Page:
Cameron Diaz too deserves special mention for dropping her sassy demeanour and glam looks factor to play a mom and a housewife (even shaving her head bald!), who had given up her high-flying job just to take care of Kate, while slowly becoming the control freak facing great difficulties to let go and come to terms with the inevitable. We know she can do drama, and this film just reinforces that. Jason Patric unfortunately has nothing more than a minor support role here, given that the drama clearly centered on the mother and daughter relationships, and that of the brother as well.

Narratively, this film may seem like a tale of two halves, with the first having this documentary feel to it with its individual character point-of-view moments with voiceovers explaining their personal thoughts, and the structure was rather non-linear as well, moving forward and backward in time depending on who's actually presenting then. There's also a romance story written into it, and some courtroom dramatics as well to give it some punch aside from the more touching moments, with that general doom and gloom permeating throughout the film.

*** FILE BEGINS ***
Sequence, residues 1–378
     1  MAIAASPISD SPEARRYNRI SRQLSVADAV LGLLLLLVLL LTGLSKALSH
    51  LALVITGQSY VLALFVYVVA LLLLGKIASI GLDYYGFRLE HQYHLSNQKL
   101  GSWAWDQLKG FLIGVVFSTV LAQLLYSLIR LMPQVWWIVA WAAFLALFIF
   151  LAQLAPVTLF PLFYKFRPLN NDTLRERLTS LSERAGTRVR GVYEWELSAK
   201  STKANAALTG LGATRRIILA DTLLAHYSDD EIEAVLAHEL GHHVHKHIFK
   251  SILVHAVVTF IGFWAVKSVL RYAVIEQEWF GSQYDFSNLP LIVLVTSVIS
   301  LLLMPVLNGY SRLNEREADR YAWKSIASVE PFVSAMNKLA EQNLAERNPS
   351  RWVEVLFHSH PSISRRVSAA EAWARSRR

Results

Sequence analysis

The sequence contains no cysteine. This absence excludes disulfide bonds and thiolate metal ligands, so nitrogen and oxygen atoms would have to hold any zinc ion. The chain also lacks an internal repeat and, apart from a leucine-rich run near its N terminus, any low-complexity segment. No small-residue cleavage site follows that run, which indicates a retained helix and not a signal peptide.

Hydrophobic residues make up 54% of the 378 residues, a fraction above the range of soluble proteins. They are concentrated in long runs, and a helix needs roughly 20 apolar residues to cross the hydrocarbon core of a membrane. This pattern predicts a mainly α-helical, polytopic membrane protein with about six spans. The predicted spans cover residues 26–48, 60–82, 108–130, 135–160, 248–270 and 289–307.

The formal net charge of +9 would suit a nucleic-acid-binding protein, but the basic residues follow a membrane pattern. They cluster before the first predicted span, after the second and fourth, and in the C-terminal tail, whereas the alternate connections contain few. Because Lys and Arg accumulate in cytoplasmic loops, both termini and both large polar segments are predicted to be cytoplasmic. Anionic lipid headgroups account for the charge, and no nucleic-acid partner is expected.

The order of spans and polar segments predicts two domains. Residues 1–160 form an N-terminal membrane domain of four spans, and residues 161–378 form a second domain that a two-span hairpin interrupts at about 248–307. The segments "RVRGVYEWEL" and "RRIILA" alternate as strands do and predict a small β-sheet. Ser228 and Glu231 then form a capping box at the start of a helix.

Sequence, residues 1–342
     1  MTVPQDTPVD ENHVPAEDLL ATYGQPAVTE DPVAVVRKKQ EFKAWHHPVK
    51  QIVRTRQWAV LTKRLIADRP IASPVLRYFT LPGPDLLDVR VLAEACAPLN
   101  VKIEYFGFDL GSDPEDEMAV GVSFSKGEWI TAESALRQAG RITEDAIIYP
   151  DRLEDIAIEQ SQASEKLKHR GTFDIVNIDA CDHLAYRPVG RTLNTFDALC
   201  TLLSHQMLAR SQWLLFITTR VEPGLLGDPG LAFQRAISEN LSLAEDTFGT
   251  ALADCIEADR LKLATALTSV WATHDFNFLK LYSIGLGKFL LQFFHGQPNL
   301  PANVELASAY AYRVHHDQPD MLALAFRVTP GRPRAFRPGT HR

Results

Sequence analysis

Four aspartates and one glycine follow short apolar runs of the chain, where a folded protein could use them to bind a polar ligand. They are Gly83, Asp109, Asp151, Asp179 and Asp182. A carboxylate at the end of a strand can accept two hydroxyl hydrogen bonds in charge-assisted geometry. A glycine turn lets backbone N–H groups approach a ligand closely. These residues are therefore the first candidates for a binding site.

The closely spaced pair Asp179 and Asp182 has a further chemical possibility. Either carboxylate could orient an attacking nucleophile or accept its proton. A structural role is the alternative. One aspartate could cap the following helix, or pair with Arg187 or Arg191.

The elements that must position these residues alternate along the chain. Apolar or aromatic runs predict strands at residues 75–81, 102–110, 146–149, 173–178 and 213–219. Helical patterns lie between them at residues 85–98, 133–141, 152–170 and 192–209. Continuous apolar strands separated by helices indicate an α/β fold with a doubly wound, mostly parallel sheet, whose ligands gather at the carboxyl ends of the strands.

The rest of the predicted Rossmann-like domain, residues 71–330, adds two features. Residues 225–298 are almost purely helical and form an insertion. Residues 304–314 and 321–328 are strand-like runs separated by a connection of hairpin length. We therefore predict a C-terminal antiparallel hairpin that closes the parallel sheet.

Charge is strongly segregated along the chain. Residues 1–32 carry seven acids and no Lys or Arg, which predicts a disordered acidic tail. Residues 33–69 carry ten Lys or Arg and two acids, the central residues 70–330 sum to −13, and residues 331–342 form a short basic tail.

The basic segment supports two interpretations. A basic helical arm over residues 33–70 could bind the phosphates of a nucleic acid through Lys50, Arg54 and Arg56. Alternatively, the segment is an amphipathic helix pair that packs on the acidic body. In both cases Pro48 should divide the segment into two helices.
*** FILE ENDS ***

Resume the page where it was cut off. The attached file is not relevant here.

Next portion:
Saving a life is better than to build a seven storey pagoda, but life is finite, and when it's time, we have to come to terms with it, and for our loved ones to know when to let go rather than to prolong the pain and burden for both the individual and family. My Sister's Keeper presents this moral dilemma, and makes a brooding, movie piece out of it for you to ponder over long after the lights come back on.

1 comment:

Purple Mind said...

I have to admit, it is a nice story.. but as a person who have read the original book of My Sister's Keeper (that fell deeply in love with the story for the "twist" at the end) I can't help but be a little bit disappointed by the way they ended the movie. To the point that I didn't bother waiting for the credits to roll.

It's not fair to compare books to movies, and I don't want to be those people that waves the book around saying "it's better than the movie!" but I feel that the ending of the book is more powerful than the ending of the movie.
The movie ended with the cancer sister (Sara) being dead and Anna finally get to live and all of that. Pretty straight forward expected ending. But in the book, right after Anna won her case, she had a car accident and was brain dead so she finally donated her body that saved her sister and kept her alive. So, the "voice over" at the end of the movie wasn't of Anna, but of Sara talking about how life changed but how the family slowly came to terms of their loss.

I'm not sure why I'm even commenting on this to tell you about this.. but I stumbled across this and liked your writing so there.. sorry for.. yeah.. if you get a chance, why not read the book? I don't know.. nevermind. Please excuse me. I'll be going now.